WESTMINSTER -- Looking ahead to the year 2000, First United Presbyterian Church of Westminster has begun a $1.4 million renovation and expansion project.
In addition to adding a new 350-seat sanctuary and office space, the 334-member congregation renovated offices and classrooms for their non-denominational Christian pre-school.
The congregation hopes to grow to 500 by 1995.
"We're trying to look ahead with the design," said the Rev. Steven R. Fleming, pastor of First United Presbyterian. 'We want to get into the 21st century and beyond the year 2000."
Members had hoped that the contractor, Total Construction of Ellicott City, could begin the project in May. But delayed approvals from the state, county and city pushed building back another four months.
"We're in the city, but a corner of our property is in the county and we face a state highway," Mr. Fleming said. "With three groups interacting, we had some delays because of the number of approvals we needed. But we feel the agencies cooperated with us and with each other very well."
Phase One will consist of building a new 350-seat sanctuary, with a full basement if the church should need more room in the future.
"The space is not needed now," Mr. Fleming said, adding that the construction will consume most of the 3.9-acre lot. "If we don't put it in, we lose the chance for future expansion."
Seating in the octagonal wing -- which will have stained glass windows, a skylight and a lighted steeple -- is in semi-circular format, similar to the present arrangement.
"In the current sanctuary, we're seated so we can see each other's faces," Mr. Fleming said. "We like that sense of personal contact with people being not too far from the pulpit.
"We tried to enhance that sense of relationship and family, that we are people of God gathering together to worship."
The sanctuary also will feature a "baby cry" room in the back where parents can take fussy youngsters, a sound room for videotaping services for broadcast on the community access channel and a $150,000 M.P. Moller organ donated by Mechanicsburg Presbyterian Church near Harrisburg, Pa.
"They are a congregation of about 1,000 and growing, and are enlarging their church," Mr. Fleming said. "They told us we could have the organ if we carted it away."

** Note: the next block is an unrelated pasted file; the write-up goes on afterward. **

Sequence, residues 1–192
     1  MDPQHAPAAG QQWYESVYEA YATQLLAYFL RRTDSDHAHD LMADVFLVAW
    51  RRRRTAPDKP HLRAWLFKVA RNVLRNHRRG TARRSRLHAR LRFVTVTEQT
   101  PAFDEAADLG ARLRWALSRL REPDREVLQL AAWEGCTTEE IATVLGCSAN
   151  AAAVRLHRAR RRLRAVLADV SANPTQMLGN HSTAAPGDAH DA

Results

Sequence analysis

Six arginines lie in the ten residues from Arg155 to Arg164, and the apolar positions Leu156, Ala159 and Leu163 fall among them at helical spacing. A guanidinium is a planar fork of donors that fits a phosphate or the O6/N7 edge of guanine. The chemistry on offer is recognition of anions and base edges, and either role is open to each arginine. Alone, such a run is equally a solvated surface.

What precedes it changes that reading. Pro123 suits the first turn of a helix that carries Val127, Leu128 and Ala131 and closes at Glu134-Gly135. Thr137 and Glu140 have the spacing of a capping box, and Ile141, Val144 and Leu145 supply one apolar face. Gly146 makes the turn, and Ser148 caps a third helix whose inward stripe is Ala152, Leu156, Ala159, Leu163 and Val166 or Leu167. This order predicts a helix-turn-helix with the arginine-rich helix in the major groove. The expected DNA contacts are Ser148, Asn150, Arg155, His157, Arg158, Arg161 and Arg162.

So a group of volunteers took it apart and packed it for storage in Westminster. The organ will be reinstalled with "expert help" about a month before the new sanctuary is completed, Mr. Fleming said.
The sanctuary will be connected to the present structure by a triangular portion that houses offices for the pastor and associate pastor, restrooms for disabled parishioners, a choir suite, a board and conference room, and an office for volunteers.
Phase Two will consist of building a two-level, multi-purpose area with a mini-gymnasium to be used for fellowship meetings, the day-care program and service organizations that meet at the church.
Phase Three will involve expanding the present sanctuary into a large fellowship hall and providing for classroom space underneath.
Although the church had planned to break the building project into three sections, pledges and giving exceeded the amount expected. So the group decided to combine Phases One and Two, completing two-thirds of the project in May 1993.
"The interesting thing is that we held this campaign in November when things were looking pretty bleak," Mr. Fleming said. He said members pledged $480,000 over three years to the project.
"Four hundred fifty thousand dollars [in pledges] was our best guess, so when people exceeded that by close to 10 percent in a down time, we saw that as a sign of God leading us."
However, the church didn't use "pressure tactics" to encourage members to give, Mr. Fleming said.
Although Resource Services of Dallas, a professional fund-raising company, was employed, the company emphasized spiritual growth and praying to determine how much each person should give, Mr. Fleming said.
"The company had an emphasis on prayer and Biblical-based sacrificial giving," Mr. Fleming said. "We really feel that is the way to build a church."
In addition, each member has had an opportunity to contribute advice or talent to the project. Committees have been formed to pick colors for church rooms, select furnishings and install different pieces of equipment.
"We have provided ample opportunities for people to contribute to the project, Mr. Fleming said. "People always warned me about the ability of a program to divide a church, but this has really cemented our relationships. A major project of this scale could not be done without cooperation."